DailyDirt: Alternatives To The Turing Test

from the urls-we-dig-up dept

Artificial intelligence research has made quite a few advances, but the goalposts are always moving back. Not too long ago, people thought that games like chess and poker were far too difficult for software to play as well as humans. There are still a few games that computers can't quite play as well as humans, but that list is getting smaller all the time. Software with "general intelligence" is still a bit beyond our reach, but the Singularity could happen any moment now. After you've finished checking out those links, if you have some spare change (or more) and would like to support Techdirt, take a look at our Daily Deals for cool gadgets and other awesome stuff.
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Filed Under: ai, artificial intelligence, chat bot, cognitive computing, eugene goostman, general intelligence, iq, natural language processing, speech recognition, turing test, voight-kampff, winograd schema challenge
Companies: nuance


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  • identicon
    Anonymous Coward, 7 Apr 2015 @ 7:15pm

    The Politician Turing Test

    is a lot easier to pass.

    A chatbot could beat most politicians in an online debate.

    Perhaps chatbots wouldn't cost as much to elect?

    reply to this | link to this | view in chronology ]

  • identicon
    Anonymous Coward, 7 Apr 2015 @ 7:19pm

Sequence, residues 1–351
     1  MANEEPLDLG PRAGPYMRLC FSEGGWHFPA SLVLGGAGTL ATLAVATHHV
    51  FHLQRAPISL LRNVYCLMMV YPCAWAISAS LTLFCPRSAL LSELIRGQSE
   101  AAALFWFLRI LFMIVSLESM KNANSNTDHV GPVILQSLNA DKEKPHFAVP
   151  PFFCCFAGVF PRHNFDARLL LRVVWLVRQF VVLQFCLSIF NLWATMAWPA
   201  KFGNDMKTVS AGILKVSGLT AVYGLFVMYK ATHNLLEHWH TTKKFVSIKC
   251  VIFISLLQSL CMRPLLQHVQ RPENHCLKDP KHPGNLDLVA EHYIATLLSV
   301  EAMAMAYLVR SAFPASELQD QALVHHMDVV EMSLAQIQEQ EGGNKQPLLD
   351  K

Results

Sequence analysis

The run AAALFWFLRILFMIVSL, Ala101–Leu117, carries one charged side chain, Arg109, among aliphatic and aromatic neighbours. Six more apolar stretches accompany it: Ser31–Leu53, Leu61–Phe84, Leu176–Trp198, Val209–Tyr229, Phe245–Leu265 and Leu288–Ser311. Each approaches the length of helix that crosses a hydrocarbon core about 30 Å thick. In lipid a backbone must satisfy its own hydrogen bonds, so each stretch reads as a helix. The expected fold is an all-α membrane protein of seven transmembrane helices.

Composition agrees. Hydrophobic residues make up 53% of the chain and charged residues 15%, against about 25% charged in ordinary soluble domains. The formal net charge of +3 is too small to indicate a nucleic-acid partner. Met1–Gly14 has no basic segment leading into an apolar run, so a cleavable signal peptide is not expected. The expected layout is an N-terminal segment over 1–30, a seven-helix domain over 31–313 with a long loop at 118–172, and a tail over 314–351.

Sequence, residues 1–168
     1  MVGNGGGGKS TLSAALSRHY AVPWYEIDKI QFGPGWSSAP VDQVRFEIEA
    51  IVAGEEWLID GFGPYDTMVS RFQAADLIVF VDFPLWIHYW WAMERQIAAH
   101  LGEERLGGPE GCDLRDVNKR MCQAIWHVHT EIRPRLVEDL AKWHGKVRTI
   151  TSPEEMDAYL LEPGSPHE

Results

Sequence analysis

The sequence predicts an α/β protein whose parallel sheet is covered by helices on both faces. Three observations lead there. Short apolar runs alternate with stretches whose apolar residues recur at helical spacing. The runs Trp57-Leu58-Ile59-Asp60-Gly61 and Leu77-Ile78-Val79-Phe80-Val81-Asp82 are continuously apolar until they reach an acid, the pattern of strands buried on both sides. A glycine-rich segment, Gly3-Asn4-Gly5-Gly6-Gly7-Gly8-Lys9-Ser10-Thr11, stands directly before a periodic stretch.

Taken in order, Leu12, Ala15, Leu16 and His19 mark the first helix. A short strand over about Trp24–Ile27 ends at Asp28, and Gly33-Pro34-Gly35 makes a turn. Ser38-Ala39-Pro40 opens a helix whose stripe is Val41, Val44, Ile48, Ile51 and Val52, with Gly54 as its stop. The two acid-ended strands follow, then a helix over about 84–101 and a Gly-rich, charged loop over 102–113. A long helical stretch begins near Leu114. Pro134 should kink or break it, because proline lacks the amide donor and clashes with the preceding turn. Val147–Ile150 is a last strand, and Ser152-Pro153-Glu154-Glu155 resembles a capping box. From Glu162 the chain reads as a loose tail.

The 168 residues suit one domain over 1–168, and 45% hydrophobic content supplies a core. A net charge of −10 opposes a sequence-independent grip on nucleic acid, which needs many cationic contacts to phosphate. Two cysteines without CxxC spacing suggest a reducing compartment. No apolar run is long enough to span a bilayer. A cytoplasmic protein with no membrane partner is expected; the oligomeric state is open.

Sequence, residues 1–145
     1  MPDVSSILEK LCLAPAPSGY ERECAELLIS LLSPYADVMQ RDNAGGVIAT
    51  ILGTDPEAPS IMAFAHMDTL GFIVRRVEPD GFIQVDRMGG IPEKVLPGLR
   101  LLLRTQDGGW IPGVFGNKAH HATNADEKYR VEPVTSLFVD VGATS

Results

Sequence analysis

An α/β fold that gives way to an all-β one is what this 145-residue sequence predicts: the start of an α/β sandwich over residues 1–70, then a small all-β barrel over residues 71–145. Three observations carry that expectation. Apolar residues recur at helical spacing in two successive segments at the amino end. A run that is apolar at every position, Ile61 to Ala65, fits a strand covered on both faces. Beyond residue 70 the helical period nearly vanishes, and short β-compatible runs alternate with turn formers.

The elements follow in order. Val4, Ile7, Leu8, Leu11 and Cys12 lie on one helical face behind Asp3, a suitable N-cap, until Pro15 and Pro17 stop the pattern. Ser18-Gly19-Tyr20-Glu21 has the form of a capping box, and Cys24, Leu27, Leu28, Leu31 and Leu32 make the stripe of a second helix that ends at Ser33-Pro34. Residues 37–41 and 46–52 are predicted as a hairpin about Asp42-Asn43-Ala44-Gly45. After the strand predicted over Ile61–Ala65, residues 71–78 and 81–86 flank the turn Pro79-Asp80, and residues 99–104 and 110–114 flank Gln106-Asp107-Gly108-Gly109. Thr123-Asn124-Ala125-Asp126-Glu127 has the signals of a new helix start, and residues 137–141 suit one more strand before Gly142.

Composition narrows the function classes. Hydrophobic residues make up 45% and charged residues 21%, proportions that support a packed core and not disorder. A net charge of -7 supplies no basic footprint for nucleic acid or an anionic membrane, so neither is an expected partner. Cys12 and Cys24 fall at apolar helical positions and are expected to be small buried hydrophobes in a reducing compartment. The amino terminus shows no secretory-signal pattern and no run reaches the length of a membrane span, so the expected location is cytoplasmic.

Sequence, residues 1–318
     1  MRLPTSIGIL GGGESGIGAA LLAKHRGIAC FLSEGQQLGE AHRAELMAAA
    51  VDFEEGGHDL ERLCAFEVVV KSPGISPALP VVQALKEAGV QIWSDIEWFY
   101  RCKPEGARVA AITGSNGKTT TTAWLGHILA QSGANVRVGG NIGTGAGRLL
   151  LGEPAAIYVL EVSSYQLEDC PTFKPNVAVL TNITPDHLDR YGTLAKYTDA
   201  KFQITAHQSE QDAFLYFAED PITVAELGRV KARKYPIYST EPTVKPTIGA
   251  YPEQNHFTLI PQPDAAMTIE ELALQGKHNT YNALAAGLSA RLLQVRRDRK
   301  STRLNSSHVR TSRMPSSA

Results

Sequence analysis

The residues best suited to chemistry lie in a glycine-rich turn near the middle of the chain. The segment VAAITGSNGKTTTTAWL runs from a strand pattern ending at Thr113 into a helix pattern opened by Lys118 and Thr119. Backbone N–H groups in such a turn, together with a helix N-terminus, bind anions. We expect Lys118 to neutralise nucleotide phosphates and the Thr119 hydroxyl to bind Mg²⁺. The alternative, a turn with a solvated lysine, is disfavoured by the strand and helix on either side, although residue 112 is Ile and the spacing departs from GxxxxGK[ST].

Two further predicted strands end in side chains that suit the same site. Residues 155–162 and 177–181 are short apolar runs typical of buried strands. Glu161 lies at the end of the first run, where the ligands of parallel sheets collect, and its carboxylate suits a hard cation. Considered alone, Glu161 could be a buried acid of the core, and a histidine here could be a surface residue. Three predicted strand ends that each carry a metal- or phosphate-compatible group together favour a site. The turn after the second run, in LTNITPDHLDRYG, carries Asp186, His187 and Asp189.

"The tortoise lays on its back, its belly baking in the hot sun, beating its legs trying to turn itself over"

    But they don't beat their legs to turn over, they use their long necks to push off the ground with.

    reply to this | link to this | view in chronology ]

  • identicon
    JimG, 8 Apr 2015 @ 10:51am

    >maybe we should try to figure out what human intelligence is
    >before we devise a test for non-humans.

    Good luck with that one. On the surface that seems to make sense, but it’s kind of like saying “maybe we should figure out what God is before we decide how to be a good person.”

    The whole point of the Turing test is that since we have historically failed in defining things like “thinking” or “intelligence” we replace these unclear definitionsJim with something that is “expressed in relatively unambiguous words.” Turing suggested a better question is "Are there imaginable digital computers which would do well in the imitation game?”

    In

    reply to this | link to this | view in chronology ]


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